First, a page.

Rambis raised eyebrows last season when his stated his belief that Porzingis would be most effective on the low block, as more of a traditional center. Quite the contrary, Porzingis’ remarkable skill set is perfectly suited to today’s brand of positionless basketball, which should allow KP to float freely inside and out. With Hornacek calling the plays, it’s far easier to envision Porzingis being involved in countless pick-and-rolls and doing damage from the perimeter as well as down low. Porzingis will be able to thrive in an offense built around him, one that properly values three-point shooting and spacing. And make no mistake, the growth and development of Porzingis should be the number one priority in New York next season and beyond.
The other big winner on the Knicks’ current roster would appear to be Jerian Grant, the team’s other first-round pick from 2015. Hornacek has had great success with athletic point guards. Goran Dragic and Eric Bledsoe had the best years of their respective careers under Hornacek. Grant is nowhere near those two players in terms of talent, but the hope is Hornacek would be far more capable of utilizing Grant’s abilities to their full potential (i.e. plenty of pick-and-pop action with Porzingis).
Defense: While much is made of the Triangle Offense and all that it entails, the Knicks’ poor defensive play has doomed them for the better part of a decade now. The Knicks have found intermittent success on the offensive end of the floor over the years, but rarely produced consistently on the defensive end.
New York has posted a Defensive Rating below 107 (allowing fewer than 107 points per 100 possessions) only three times over the past 13 seasons. Unsurprisingly, they made the playoffs each of those three seasons, which is noteworthy because they qualified for the postseason a total of only four times during that entire 13-season stretch.
While Hornacek’s offense in Phoenix was imaginative and efficient, he certainly did not build a reputation as a defensive guru. His Suns teams were, at best, average defensively. However, to be fair, he had a roster that was lopsided with guards, and lacked a dominant low-post defender. With Robin Lopez and Porzingis patrolling the paint, theoretically his team should be in a better position to succeed.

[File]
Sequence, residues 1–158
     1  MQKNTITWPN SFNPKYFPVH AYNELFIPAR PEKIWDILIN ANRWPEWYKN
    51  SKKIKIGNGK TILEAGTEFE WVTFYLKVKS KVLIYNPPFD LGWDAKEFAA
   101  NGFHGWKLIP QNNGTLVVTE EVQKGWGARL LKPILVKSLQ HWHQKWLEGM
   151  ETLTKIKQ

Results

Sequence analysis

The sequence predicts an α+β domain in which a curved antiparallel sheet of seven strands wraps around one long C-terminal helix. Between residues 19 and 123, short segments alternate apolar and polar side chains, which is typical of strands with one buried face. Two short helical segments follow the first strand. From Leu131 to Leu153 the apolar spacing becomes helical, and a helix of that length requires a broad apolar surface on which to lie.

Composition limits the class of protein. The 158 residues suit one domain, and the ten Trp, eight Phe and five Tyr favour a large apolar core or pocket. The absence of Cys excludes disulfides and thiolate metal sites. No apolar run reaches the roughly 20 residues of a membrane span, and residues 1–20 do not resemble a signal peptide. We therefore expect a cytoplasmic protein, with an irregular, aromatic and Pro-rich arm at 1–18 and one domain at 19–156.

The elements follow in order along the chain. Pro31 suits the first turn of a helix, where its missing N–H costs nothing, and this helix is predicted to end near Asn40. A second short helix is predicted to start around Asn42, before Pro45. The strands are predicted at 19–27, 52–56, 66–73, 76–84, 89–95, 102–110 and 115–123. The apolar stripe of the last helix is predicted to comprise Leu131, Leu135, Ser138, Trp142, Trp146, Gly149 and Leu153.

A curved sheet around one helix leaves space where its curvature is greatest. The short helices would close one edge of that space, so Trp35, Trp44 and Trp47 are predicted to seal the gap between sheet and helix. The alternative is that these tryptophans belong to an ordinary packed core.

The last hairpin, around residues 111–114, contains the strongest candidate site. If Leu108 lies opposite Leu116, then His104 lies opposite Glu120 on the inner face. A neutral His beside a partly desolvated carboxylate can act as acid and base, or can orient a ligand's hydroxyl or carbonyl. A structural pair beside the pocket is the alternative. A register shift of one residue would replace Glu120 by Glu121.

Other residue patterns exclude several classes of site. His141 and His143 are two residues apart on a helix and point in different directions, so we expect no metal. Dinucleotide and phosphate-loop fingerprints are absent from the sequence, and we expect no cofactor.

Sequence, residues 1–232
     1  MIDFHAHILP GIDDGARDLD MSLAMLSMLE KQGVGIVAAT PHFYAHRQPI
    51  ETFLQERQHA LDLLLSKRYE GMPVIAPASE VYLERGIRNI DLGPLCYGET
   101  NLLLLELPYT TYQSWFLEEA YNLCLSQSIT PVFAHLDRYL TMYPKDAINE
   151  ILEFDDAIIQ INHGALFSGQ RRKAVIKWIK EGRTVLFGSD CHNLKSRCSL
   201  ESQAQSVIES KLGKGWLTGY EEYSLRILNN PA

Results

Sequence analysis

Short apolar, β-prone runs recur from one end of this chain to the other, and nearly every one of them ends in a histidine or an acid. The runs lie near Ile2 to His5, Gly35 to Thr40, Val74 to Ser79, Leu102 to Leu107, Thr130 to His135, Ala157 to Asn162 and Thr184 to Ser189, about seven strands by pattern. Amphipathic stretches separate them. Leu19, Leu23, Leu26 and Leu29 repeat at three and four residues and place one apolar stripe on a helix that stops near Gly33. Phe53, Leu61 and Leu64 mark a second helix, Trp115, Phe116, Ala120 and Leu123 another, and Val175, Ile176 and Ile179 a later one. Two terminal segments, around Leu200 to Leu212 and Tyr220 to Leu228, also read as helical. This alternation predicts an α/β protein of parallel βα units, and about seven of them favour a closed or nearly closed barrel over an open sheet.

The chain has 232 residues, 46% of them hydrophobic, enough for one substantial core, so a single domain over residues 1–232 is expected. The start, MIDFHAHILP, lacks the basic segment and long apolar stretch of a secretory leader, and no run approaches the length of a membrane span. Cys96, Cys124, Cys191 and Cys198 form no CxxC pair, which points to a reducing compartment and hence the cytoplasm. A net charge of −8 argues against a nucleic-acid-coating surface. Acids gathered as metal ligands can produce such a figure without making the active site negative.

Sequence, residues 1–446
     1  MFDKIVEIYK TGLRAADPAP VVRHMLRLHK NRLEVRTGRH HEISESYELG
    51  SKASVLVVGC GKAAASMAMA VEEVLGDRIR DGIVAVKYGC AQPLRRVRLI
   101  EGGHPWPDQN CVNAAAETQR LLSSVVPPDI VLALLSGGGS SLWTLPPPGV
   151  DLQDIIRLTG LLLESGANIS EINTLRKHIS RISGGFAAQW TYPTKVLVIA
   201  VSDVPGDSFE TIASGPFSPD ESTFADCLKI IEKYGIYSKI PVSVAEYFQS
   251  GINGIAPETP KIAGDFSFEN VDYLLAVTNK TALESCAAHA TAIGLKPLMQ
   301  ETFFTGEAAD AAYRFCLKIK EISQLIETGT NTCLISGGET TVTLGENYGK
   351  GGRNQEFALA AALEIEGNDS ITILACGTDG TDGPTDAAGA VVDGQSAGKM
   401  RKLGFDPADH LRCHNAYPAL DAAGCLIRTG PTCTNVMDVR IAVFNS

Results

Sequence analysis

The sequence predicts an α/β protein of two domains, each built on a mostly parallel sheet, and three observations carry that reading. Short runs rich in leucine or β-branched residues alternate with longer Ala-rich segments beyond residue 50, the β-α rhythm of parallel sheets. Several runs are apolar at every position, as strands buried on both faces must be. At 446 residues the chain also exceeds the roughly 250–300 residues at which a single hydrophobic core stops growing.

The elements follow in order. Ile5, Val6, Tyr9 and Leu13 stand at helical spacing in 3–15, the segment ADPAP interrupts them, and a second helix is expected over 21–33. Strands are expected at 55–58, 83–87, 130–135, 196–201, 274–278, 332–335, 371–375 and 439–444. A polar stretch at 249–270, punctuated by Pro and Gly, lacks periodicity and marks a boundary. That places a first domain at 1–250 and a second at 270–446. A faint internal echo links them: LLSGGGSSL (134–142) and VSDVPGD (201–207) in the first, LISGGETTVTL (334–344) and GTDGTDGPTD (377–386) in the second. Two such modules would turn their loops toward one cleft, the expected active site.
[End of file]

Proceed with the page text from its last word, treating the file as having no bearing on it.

If Rambis wasn’t the guy, why not Frank Vogel or Tom Thibodeau? If Phil was willing to hire someone other than his buddy, then why not go with a more experienced and respected head coach? Thibodeau, Vogel and Jeff Van Gundy were among the marquee free agent coaches.
Van Gundy seemed like an extreme long shot due to his rocky relationship with James Dolan and Knicks hierarchy. However, Thibs was clearly interested in the job before he agreed to a deal with the Minnesota Timberwolves. And Vogel surprisingly shook loose after the Indiana Pacers decided not to bring him back. Both Vogel and Thibodeau had the resume and defensive chops that excited Knicks fans.
We will likely never know the reasons why Phil passed on these two in favor of Hornacek, and speculation leads us nowhere.
Unproven track record: Hornacek had a phenomenal first season (2013-14) in Phoenix, leading an undermanned Suns to team to 48 wins. He finished second in the NBA’s Coach of the Year voting after that campaign. The team buckled under the weight of higher expectations the following season, and bottomed out at 14-35 before Hornacek was fired this past February.
Did the Knicks pounce at just the right time to land a young, up-and-coming coach? Will the relatively inexperienced Hornacek be able to handle the drama and media attention he’ll encounter in NYC?
The question of who Phil will hire seems to be resolved, but many interesting questions remain unanswered.